FAQs - Questions and Answers regarding Hearing Loss and Hearing Aids
Answers to the most frequently asked questions
Ask an Audiologist - FAQs
What is Earwax and How Can I Avoid Earwax Problems?
The skin lining the ear canal contains hair follicles and glands that produce oil and earwax. The earwax (cerumen) lubricates the skin and traps dust and foreign particles. It may also prevent infection of the ear canal. The wax is a colorless, watery secretion that dries and turns darker in color when it mixes with dust particles and dead skin cells.
Cerumen normally migrates out of the ear canal naturally due to movement of the ear canal when talking and chewing. Some people produce excessive amounts - or the wax does not fall out naturally - and need to have earwax removed. Over-the-counter ear drops and a syringe (with body temperature water) can be used to dissolve the wax, but don't do this if you have a perforated eardrum. Some people need to have earwax removed regularly with ear drops, irrigation or suctioning.
Note: The use of Q-tips is not recommended, as this often pushes wax further into your ear or scratches the ear canal.
Who are Audiologists?
Audiologists are university trained and hold a Masters Degree or Doctorate in Audiology and/or Communication Disorders.
Is Getting a Hearing Aid All I Can Do For a Hearing Loss?
No. Some forms of hearing loss can be treated surgically or with medication. Your hearing test results will help determine the best way to appropriately address your hearing loss.
Can Everyone With a Hearing Loss Benefit from Hearing Aids?
Audiologists refer to hearing loss as being sensorineural. This describes pathology in two areas: sensory and neural. The sensory cells, known as hair cells, are located in your cochlea. The eighth cranial nerve carries the sound to your brain through a complex neural pathway. People whose hearing loss is predominately "neural" in nature may not be able to understand speech no matter how comfortably loud the speaker. Your complete audiologic examination will determine the degree and kind of sensorineural hearing loss you have.
Are There Other Options Besides Hearing Aids?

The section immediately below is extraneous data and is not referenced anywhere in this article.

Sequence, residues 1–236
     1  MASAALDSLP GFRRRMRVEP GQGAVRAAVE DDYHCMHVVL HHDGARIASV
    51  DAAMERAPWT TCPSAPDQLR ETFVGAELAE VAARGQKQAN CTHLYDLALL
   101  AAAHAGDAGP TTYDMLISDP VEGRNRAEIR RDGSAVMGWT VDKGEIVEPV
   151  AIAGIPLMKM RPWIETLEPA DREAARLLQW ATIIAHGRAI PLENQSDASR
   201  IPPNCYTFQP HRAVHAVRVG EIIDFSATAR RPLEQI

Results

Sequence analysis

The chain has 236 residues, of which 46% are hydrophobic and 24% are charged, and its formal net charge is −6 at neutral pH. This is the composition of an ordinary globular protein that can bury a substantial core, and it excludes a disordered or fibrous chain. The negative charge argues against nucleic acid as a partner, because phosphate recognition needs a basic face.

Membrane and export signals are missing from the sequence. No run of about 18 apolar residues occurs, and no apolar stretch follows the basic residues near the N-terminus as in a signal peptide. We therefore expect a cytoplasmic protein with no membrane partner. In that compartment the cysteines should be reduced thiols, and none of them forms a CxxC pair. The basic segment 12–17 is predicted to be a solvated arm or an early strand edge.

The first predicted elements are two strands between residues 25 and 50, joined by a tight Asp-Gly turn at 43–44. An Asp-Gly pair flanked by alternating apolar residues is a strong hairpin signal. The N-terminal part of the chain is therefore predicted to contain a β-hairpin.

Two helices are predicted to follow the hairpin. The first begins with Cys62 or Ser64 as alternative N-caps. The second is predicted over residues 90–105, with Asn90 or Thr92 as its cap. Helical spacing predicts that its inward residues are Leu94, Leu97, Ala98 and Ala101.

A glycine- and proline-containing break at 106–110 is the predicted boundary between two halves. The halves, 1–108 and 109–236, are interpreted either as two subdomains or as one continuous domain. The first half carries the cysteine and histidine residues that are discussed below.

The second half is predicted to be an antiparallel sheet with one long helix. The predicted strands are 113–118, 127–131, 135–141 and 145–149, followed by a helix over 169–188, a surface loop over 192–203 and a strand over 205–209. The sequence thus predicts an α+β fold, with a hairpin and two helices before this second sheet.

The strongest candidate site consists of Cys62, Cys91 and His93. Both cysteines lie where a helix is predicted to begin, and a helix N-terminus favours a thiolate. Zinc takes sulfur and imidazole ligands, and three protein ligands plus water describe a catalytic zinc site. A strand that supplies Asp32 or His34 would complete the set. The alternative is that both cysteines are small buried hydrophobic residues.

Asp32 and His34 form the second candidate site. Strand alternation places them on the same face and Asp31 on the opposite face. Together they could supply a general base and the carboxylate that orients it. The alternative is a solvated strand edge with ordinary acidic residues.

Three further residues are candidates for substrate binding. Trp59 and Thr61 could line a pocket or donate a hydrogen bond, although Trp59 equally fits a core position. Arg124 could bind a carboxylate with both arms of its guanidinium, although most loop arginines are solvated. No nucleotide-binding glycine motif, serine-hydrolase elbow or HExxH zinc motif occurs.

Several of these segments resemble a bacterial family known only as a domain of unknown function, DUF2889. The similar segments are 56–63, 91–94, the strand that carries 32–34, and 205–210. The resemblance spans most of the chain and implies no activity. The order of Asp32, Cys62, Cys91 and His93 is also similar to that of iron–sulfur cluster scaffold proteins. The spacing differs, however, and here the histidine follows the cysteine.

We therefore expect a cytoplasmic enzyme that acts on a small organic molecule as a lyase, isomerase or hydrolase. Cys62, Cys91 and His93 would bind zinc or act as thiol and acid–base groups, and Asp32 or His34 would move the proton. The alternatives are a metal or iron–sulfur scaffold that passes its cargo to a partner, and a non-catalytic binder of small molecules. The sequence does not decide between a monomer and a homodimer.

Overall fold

Assistive Listening Devices (ALDs) amplify sounds from telephones, TVs, alarm clocks and fire alarms. Our clinics carry a variety of products our patients have found useful. Some devices can even be used in movie theaters!
What Can I Expect From a Hearing Aid?
At a minimum, your hearing aids must be comfortable. After a few days, you must be able to wear your hearing aids for long periods without noticing you are doing so. The audiologist will closely monitor your initial fit. You are going to hear some things you have not heard for a long time. That is part of the process. Your brain will acclimate and your hearing aids will be fine tuned during this acclimation process. Success is due in large part to understanding this process and working with the audiologist to meet your needs. Expect 2-4 office visits during the initial adjustment process. We ask all our patients to return to the clinic once or twice a year to be sure their hearing aids' performance is optimal.
What Do Hearing Aids Cost?
Prices vary by the technology and size. Depending on the type of hearing loss and each individual's specific needs, the most appropriate hearing aid will vary from person to person. It is the audiologist's job to recommend the most appropriate device for each individual, while providing the options necessary in meeting an individual's financial requirements. An entry level hearing aid is between $900 to $1200. The price goes goes up from there depending on the technology and features.
Will My Insurance Pay For This?